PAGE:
- Breaking Down 20 Common LiDAR and Surveying Terms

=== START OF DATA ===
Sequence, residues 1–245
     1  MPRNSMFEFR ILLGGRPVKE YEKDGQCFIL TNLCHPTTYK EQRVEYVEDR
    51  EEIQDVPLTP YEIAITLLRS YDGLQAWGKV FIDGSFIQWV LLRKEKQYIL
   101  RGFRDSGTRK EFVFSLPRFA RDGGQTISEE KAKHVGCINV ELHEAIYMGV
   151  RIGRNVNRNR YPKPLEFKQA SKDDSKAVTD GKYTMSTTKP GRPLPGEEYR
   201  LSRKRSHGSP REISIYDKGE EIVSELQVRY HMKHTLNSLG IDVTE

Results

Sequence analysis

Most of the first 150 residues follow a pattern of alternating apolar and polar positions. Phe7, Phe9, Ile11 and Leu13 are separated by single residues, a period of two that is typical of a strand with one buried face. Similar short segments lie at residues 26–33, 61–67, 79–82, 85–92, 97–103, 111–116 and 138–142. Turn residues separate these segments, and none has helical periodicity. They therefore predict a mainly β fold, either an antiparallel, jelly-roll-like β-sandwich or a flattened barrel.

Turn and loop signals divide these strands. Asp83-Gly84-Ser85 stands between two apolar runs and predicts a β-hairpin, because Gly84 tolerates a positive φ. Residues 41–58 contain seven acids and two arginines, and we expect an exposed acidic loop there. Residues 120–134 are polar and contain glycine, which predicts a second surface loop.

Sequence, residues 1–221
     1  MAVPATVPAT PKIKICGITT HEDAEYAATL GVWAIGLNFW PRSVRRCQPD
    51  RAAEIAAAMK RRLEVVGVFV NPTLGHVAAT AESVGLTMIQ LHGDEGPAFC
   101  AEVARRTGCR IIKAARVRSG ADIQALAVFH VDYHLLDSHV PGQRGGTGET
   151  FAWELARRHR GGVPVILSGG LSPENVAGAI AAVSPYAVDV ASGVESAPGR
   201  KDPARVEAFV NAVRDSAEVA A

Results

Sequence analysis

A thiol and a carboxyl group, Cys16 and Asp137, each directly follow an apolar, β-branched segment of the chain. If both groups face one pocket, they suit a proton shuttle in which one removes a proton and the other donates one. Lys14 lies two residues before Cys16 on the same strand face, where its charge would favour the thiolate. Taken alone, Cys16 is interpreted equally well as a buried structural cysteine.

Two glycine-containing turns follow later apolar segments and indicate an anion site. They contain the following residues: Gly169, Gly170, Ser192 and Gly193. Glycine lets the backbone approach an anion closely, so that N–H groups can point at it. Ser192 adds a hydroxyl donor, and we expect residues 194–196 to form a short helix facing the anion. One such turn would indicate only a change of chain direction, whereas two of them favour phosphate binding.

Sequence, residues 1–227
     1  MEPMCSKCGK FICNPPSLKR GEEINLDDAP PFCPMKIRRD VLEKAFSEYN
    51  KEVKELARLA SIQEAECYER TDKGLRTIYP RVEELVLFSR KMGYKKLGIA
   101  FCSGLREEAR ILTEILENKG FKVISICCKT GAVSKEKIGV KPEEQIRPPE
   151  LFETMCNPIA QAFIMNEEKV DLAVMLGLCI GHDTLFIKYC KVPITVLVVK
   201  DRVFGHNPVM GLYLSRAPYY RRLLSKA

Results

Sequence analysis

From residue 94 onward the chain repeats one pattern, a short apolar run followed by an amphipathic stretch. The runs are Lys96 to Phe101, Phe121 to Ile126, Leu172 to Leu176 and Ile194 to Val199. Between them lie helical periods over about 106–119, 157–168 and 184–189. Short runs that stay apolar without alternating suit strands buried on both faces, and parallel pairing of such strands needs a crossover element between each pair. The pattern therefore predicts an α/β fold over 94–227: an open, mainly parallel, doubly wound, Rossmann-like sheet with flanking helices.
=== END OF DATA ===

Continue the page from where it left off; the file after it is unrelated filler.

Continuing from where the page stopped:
If you’re just getting started using LiDAR to create 3D models and maps, there is a ton of terminology to learn. Here's a glossary of the most helpful LiDAR and surveying terms you need to know. Accuracy Report A report detailing the accuracy of any LiDAR points in relation to known coordinates. Bare Earth Model A model of the area you are surveying that removes buildings, trees and any other surface objects. Bare earth models are generated in digital elevation models (DEMs), one of the key deliverables in ROCK Surveyor. Breaklines Lines that are marked to indicate a sharp break in elevation. This can include a curb, wall, ridge or stream. These lines improve the accuracy of contours. (Related: What are breaklines?) Contour Lines Contour lines illustrate the difference in elevation at a set interval on a topographic map. Learn how to order contours through the ROCK Cloud here. Digital Elevation Model (DEM) A digital elevation model (DEM) is a visual depiction of the bare ground (bare earth) topographic surface of the Earth that removes trees, buildings or any other surface objects. Digital Surface Model (DSM) or Digital Terrain Model (DTM A digital surface model (DSM) or digital terrain model (DTM) captures the natural and built features on the Earth’s surface. Flightline (or Trajectory) A preprogrammed or manual drone flight and altitude path when capturing data. Ground Control Points (GCPs) Marked points on the ground with known coordinates. GCPs are normally marked with an aerial target. These points serve as baselines to align physical points to the digital data produced by your LiDAR system. Learn about GCP best practices here. LAS The industry-standard file format that is designed for storing LiDAR point cloud data. LiDAR software, like ROCK Cloud, allows you to view and interact with LAS files. LiDAR LiDAR stands for Light Detection and Ranging. It is a remote sensing method of measuring ranges to the Earth using light in the form of a pulsed laser. Orthomosaic Mapping An orthomosaic map is an aerial map made from many stitched-together still images. This map looks similar to what you would see in Google Maps. Planimetrics / Line Work A planimetric map shows manmade and natural objects from an aerial view outlined with 2D or 3D features. This often includes parking lots, buildings, utilities, sidewalks, fences, roads, water features, vegetation and building footprints. To learn about planimetric maps in ROCK Cloud, click here. Point Cloud In LiDAR, a point cloud is a collection of individual points plotted in 3D space with X, Y and Z coordinates. Normally, point clouds are in LAS or LAZ file formats. Point Density A ROCK R360 or R2A unit mounted to a drone can capture a high number of points per square foot or square meter on the ground through the canopy of trees and plants. Capturing high-density data is incredibly difficult to capture using traditional surveying methods. Pulse Rate The number of laser pulses per second. For example, the ROCK R360 emits up to 640,000 pulses per second. Return Number The total number of point returns from any given pulse. RMSE Believe it or not, LiDAR data isn’t perfect (although ours is pretty darn close). RMSE stands for root mean square error, which is the margin of error for accuracy in a LiDAR dataset. The ROCK R360 system has a range accuracy of 0.5 cm. ROCK SLAM ROCK SLAM (Simultaneous Localization Mapping) upgrades your existing ROCK hardware to allow you to walk around indoors, underneath trees, or anywhere you won't get good GPS in order to capture point cloud data. Learn more about ROCK SLAM here. Topographic (Topo) Map A map that uses contour lines to show elevation on the Earth’s surface. Volumetrics Volumetric surveys indicate how much material is being moved from a construction site. Learn how to measure volumetrics and stockpile data in the ROCK Cloud here. Vegetation Management Using drone LiDAR data to help specify danger zones across a transmission or distribution network. For example, ROCK Cloud provides you with a report that identifies problem areas across a transmission line at your set interval. Now that you’re well-versed in the lingo, dive into the world of efficient and easy-to-use LiDAR hardware and software with ROCK Robotic. We are reimagining the way 3D data is captured and used. Visit rockrobotic.com to learn more about us.